Exit poll shows pro-Kremlin party on 19.4%, with a pro-EU, pro-Nato party in second with 13.4%
The pro-Kremlin Harmony party seemed set to hold the balance of power in Latvia, following a general election on Saturday, with an exit poll showing it topping the vote ahead of liberals.
A public TV exit poll presented Harmony had a 19.4% election share, while the liberal pro-EU, pro-Nato For Development was in second place with 13.4%, ahead of the rightwing National Alliance on 12.6%.
Populists, who could help Harmony form a alliance, followed closely behind. The New Conservative party was on 12.4% and KPV LV presented 11.5%.
The Greens and Farmers Union of the “ministers “, Maris Kucinskis, managed 9.7%.
” No coalition combining is possible without Harmony that would appear able and stable ,” the Harmony chairman and Riga mayor, Nils Usakovs, told the Leta agency.” Otherwise, you could have a coalition of xenophobes and homosexual rights supporters, and such both governments would stick together for two or three weeks .”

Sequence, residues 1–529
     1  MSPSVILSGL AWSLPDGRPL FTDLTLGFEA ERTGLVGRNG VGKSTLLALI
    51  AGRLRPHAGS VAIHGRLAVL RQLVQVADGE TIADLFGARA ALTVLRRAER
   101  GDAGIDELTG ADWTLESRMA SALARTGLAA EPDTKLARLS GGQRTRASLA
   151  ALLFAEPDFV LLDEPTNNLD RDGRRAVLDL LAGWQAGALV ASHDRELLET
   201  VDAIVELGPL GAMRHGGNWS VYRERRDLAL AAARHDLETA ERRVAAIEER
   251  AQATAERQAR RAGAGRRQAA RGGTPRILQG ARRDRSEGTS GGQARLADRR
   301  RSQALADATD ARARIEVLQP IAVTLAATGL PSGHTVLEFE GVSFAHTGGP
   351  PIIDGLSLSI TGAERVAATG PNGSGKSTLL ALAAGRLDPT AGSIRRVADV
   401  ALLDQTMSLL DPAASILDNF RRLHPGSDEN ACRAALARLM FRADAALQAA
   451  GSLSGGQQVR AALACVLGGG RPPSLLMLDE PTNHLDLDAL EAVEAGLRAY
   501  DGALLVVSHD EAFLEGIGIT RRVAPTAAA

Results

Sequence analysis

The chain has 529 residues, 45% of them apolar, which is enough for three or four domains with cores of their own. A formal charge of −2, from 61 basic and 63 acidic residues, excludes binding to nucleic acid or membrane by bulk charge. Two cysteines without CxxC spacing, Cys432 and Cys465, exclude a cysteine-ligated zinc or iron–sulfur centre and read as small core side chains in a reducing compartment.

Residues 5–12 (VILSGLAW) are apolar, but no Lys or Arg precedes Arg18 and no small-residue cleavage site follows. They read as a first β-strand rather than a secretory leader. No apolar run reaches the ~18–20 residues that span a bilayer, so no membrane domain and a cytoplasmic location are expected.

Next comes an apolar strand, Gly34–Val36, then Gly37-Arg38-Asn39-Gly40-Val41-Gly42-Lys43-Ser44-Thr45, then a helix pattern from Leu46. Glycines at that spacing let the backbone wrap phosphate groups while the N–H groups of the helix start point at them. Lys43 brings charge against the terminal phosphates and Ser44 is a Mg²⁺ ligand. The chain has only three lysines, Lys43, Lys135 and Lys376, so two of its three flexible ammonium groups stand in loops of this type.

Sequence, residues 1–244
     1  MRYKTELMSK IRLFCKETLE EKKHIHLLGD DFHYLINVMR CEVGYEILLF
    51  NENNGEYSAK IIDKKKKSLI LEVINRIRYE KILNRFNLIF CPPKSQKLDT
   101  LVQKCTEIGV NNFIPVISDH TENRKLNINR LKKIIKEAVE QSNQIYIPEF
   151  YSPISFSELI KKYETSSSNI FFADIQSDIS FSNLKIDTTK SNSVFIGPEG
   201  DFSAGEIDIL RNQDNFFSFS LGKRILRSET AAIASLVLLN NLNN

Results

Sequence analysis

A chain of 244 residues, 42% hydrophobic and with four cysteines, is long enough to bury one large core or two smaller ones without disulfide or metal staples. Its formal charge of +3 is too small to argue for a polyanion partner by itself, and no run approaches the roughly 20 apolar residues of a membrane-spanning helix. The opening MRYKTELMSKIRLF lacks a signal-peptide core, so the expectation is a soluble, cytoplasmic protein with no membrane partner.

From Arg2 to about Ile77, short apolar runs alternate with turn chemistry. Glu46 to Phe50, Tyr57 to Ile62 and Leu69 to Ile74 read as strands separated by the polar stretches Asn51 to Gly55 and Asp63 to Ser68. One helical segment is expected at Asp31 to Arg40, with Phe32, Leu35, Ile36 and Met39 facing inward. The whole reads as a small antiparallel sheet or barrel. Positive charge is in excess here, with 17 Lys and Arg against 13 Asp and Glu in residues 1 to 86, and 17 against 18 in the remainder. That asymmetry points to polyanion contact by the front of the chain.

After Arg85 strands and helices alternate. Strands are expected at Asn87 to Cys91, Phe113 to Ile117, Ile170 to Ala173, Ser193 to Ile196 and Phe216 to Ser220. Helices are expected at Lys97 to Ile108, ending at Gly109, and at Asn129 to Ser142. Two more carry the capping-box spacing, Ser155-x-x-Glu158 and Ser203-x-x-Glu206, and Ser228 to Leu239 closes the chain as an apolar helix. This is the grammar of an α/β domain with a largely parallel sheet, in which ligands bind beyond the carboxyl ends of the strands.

Popular with Latvia's ethnic Russian minority, which attains up about a quarter of the country's 1.9 million population, Harmony, formerly allied with United Russia, the party of the president, Vladimir Putin, won the largest number of votes in the last three elections. However, it never entered government as it failed to attract coalition partners.
The final results of the vote are expected early on Sunday, with coalition talks to follow while the current parliament maintains running until November.
The vote was tarnished by a hacker attack on the Draugiem.lv social network, second in popularity only to Facebook in the Baltic state, which displayed a pro-Russian message.
” Comrades Latvians, this concerns you. The perimeters of Russia have no end ,” it said in Russian, followed by images of unmarked Russian soldiers in green uniforms annexing Crimea, Russian tanks parading in Moscow and a smirking Putin.
Turnout in the vote was 53.99%, according to the election website.
Analysts predicted Harmony, which has signed on some high-profile ethnic Latvians as their frontrunners, might join forces with populists to govern.
KPV LV, a populist party led by former stage performer Artuss Kaimins, is the possibility coalition partner.
And the party's candidate for prime minister, lawyer Aldis Gobzems, recently suggested they were open to working with other parties.
” KPV LV can work with anybody, we don't have any red lines considering any other political force-out ,” Gobzems said during a TV24 debate.
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